No one seems to know anything about Albert Einstein’s daughter Lieserl. She was probably born in 1902 and I could learn nothing more. It’s a mystery….

Hans Albert Einstein

Hans Albert Einstein

One son, Hans Albert, 1904-1973, a hydraulic engineer, followed his father’s example and moved to the U.S. in time to avoid the Holocaust. Hans became a professor at the University of California at Berkley.

Eduard, 1910-1965, often ill as a child was a talented student and musician. He studied medicine and wanted to become a psychiatrist. In one of those ironic coincidences, at age 20, he began suffering from schizophrenia. That ended any plans for a successful career. He spent many years hospitalized.

Eduard_Einstein

Eduard Einstein

Book- The Prof and the Madman

Worth a read

Not long ago, (see May 15, 2017) I wrote about reading ‘The Professor and the Madman’ by Simon Winchester. In it, Winchester states one in a hundred people have schizophrenia. That’s a whole lot folks. We need some brilliant souls to seek a cure for this heartbreaking illness which afflicts so many.

These are the children from Einstein’s first marriage.

In my search, I also learned about many quotes attributed to Albert Einstein himself. Here are a few:

‘Logic will get you from A to Z. Imagination will get you everywhere.

The only way to escape the corruptible effect of praise is to go on working.

The most important question you can ever ask is if the universe is a friendly place.

It’s not that I’m so smart, it’s just that I stay with problems longer.

The ones who are crazy enough to think they can change the world are the ones who do.

The true sign of intelligence is not knowledge but imagination.

ribbon-hearts

‘Gravitation is not responsible for people falling in love.’ Einstein

Life is like riding a bicycle. To keep your balance you must keep moving.

The only thing that interferes with my learning is my education.’

AEinsteinviolin

Albert Einstein

Einstein, an opinionated man with humor.

 

 

There are many more. Look for them online — fortunately Einstein WAS an opinionated man — with humor!

 

Joe's cup

Joe’s Einstein coffee cup. He hopes some of the brilliance will rub off.

I thought I invented it….

Muriel2017

photo by my Chandra

That’s how things go folks. You think you’re particularly clever and have come up with a unique and brilliant idea that no one else has ever thought of before — and you learn it’s been used for centuries. Bummer!

For years I’ve seen myself through scary, painful or difficult times by singing — aloud. The older the song, the better because then I have to work harder at remembering the words. I’ve fought my way out of my apartment step-by-agonizing-step after devastating dizziness sieges by singing. At times I’d make it as far as the elevator, but later might make it as far as the front entrance. Sometimes guys, that can be a big accomplishment, especially for a dizzy dame.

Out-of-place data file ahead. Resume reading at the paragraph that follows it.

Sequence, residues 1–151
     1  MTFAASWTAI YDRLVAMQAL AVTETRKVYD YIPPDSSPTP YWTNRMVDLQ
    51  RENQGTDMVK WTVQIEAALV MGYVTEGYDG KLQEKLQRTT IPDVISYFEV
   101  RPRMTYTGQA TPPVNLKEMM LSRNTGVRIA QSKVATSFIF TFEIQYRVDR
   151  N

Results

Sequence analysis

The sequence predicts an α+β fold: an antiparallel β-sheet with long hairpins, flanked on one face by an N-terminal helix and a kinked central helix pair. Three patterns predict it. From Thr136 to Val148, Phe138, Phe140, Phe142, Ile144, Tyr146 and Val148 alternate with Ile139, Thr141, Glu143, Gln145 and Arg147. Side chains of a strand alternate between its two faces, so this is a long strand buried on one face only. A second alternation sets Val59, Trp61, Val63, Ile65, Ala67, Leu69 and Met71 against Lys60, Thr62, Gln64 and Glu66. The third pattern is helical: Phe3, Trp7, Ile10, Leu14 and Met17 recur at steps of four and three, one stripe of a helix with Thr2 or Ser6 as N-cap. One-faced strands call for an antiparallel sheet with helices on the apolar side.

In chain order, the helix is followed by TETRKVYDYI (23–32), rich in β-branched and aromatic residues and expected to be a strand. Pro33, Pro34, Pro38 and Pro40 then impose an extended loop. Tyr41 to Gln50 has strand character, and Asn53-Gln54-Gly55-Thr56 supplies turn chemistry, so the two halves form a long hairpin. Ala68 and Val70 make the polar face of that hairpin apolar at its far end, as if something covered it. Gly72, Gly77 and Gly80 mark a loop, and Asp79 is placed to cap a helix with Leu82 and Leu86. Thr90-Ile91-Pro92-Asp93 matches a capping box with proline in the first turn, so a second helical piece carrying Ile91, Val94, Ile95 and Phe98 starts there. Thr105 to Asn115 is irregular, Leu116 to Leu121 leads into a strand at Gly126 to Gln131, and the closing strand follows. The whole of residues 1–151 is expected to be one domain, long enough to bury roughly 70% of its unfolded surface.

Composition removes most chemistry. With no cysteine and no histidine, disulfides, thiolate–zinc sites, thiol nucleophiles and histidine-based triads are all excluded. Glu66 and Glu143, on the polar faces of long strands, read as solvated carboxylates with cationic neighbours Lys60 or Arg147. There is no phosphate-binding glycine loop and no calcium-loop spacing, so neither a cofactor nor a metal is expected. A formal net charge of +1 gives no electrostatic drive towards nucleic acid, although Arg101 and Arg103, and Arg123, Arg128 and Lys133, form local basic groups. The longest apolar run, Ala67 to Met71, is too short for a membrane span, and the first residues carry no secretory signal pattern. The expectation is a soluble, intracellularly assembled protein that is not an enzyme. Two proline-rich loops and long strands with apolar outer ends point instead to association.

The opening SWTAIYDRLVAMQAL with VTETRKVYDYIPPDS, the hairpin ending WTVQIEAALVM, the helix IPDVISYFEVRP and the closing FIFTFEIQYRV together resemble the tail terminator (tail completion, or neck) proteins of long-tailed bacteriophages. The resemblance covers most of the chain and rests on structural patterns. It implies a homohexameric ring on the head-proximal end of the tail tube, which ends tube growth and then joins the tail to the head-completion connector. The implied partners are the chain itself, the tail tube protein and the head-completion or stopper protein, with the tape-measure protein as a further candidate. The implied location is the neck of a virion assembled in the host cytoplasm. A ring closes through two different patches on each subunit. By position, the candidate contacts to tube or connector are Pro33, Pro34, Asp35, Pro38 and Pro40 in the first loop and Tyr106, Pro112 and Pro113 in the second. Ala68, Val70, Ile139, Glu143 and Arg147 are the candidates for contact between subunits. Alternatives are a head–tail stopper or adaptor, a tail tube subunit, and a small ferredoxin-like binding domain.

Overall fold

I’ve survived driving my car home (right turns only) while experiencing severe

old lady nervous in car

terrified driving when vertigo begins

vertigo by singing encouragement to myself. Want the words? (Don’t worry about copyright, use them anytime.) ‘You’re fine because you’re fine, because you’re fine, because you’re fine….’ (Use any tune you like, it doesn’t matter, no one’s judging.) It obviously worked for me — I’m still alive!

After my hip surgery last year, while five fussing nurses gathered round my bed trying to figure out how to extricate the stubborn last staple (out of 18) which had somehow formed a ring in my flesh, I sang an old kids’ song as they dug in. When they finally succeeded, they gleefully gave each other high-fives and danced about. Were they just pleased with themselves for solving the problem, or delighted with the quality of my (ahem) beautiful voice? I never asked…..

I’ve many stories I could tell you about times when my singing saved the day for me, but I won’t bore you with all the grizzly details. Suffice it to say, it has worked.

lady with earphones

Really, it works

Why do I risk making a fool of myself in front of others who are sometimes strangers? Because it works. It seems my brain, unable to double-task well, has to concentrate on the (preferably) old song I don’t remember too well. I actually believed I was the one who figured this out all by myself — that nobody else ever thought about it before. Ha.

 

320px-Louis_Gallait_-_Power_of_Music_-_

Music Therapy by Louis Gallait, Belgian artist, (1810-87)

 

Recently CBC Radio had a program about Music Therapy. I had to find out more so called on Mrs. Google. Waddaya know? It’s been used for years for relaxation, reminiscence for the elderly, physical rehab for stroke victims, plus more other physical and mental conditions than I have the space to list here. Interesting, no?

Go ahead. Give it a try. Why not?